Despite the rumors surrounding the 2004 governor's race, at least one certainty is quite clear: Our democracy is not falling apart at the seams. Solid procedures are in place to...
Despite the rumors surrounding the 2004 governor’s race, at least one certainty is quite clear: Our democracy is not falling apart at the seams.
Solid procedures are in place to handle the recount and its contested ballots fairly and accurately.
At the heart of the public debate is whether to count 700-plus contested ballots in King County. Some argue all should count, while others maintain — just as passionately — this group of ballots should be rejected.
Most Read Stories
- Rachel Dolezal struggling after racial-identity scandal in Spokane
- Aerospace firm Electroimpact agrees to pay $485K after AG finds ‘shocking’ discrimination against Muslims
- No repeal for 'Obamacare' — a humiliating defeat for Trump VIEW
- Here's where the Seahawks stand in free agency
- Sen. Patty Murray will oppose Neil Gorsuch for Supreme Court
As is often the case with election law, the answer is not that simple. No all-or-nothing solution exists.
Each contested ballot must be judged on its own merits so that every voter is given full consideration in the democratic process.
What are the standards?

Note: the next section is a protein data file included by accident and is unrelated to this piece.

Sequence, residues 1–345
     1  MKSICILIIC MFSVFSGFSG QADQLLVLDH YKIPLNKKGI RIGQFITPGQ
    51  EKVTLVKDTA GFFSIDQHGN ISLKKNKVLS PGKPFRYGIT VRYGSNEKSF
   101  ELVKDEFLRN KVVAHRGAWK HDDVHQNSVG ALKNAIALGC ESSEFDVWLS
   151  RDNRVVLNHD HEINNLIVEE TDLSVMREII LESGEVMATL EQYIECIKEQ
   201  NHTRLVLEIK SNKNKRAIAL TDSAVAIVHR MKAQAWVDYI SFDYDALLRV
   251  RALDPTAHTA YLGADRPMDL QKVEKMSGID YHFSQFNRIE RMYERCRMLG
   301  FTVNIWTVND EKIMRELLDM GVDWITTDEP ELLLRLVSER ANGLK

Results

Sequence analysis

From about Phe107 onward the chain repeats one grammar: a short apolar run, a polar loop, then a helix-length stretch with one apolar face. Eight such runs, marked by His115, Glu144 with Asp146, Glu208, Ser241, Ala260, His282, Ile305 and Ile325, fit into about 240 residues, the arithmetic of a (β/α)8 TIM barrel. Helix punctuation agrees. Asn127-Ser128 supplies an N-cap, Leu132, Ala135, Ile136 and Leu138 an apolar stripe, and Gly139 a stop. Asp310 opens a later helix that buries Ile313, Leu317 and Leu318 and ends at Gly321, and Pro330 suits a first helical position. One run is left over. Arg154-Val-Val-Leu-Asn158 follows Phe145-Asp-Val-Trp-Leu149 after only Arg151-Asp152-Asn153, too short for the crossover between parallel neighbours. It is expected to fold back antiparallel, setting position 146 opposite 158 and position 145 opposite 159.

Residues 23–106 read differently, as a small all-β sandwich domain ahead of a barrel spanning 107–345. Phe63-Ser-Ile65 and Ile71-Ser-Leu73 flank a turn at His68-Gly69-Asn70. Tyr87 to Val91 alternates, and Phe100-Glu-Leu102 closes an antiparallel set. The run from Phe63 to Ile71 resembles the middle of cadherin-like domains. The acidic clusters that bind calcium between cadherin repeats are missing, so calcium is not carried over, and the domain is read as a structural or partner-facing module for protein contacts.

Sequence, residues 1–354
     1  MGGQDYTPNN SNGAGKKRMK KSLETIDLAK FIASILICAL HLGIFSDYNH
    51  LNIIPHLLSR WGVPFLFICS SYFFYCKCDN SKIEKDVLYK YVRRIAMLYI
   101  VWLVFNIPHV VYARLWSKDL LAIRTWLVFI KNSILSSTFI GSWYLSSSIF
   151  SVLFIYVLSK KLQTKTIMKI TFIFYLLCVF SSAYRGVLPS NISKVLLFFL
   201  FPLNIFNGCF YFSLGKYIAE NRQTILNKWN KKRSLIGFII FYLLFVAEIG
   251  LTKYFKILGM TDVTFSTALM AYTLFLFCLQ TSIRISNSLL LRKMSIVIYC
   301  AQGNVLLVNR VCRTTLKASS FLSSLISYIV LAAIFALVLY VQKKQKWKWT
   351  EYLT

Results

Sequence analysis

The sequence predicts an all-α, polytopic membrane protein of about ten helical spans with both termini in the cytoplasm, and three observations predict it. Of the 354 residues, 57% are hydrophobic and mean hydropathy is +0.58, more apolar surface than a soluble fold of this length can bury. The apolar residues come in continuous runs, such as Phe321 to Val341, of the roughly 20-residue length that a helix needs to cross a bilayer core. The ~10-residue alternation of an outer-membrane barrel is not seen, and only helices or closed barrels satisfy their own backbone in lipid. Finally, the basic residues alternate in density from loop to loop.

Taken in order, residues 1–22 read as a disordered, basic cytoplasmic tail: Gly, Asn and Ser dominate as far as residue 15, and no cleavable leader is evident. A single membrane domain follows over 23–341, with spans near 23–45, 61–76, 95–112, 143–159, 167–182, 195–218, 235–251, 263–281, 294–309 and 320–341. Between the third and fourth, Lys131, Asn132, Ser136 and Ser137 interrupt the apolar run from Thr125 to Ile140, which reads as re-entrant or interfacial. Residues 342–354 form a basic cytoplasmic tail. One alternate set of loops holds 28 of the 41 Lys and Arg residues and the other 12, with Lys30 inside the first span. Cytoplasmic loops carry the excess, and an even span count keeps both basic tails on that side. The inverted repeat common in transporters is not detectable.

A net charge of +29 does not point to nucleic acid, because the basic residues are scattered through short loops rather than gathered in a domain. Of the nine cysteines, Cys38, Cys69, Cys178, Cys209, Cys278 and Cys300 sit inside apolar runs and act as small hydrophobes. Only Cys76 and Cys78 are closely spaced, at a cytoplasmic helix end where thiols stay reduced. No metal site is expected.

In a recount, your ballot is held to the same standards used in the original count.
Your ballot counts if:
You are a registered voter of the state of Washington;
Your signature matches the signature on your voter registration card;
Your ballot arrived on time;
And you clearly voted for one candidate in the governor’s race.
If it’s unclear these standards have been met, the ballots are sent to an independent county canvassing board. Canvassing boards are made up of the county’s chief election official, the prosecuting attorney and a member of the county legislative body. Canvassing boards have a long history in Washington of rising above partisan politics.
In a recount, a canvassing board should not reconsider counting contested ballots it has already properly reviewed and rejected. Nor should it count ballots that have been sitting in an unsecured location.
However, canvassing boards should consider counting ballots that were mistakenly tossed out by election workers and give each its full review under the law.
Washington’s voting process is not perfect. It demands constant improvement. In January, I will announce a series of election reforms resulting from lessons learned in the 2004 governor’s race.
Even so, and especially in the midst of controversy and court challenges, voters should take great pride in our strong history of fair and accurate elections.
This historic recount should run its course and the people should select our next governor.
Public trust and confidence in our democracy is as important as the outcome of this race.
Sam Reed is Washington’s secretary of state.